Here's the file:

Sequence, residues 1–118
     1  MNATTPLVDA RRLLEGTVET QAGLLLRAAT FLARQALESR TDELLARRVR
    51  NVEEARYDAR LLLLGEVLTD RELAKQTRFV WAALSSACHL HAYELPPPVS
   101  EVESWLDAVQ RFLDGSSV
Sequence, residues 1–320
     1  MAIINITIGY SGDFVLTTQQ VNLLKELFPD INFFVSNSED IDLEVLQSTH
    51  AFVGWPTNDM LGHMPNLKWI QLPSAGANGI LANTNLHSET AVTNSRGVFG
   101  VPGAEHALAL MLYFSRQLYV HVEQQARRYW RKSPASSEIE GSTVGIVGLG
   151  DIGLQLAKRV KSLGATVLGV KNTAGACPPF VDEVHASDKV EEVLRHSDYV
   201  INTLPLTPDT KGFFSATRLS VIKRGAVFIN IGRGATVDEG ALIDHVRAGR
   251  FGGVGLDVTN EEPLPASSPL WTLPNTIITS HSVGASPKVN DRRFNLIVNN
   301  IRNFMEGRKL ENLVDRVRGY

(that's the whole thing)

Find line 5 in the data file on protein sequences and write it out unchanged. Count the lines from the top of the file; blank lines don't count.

Sequence, residues 1–320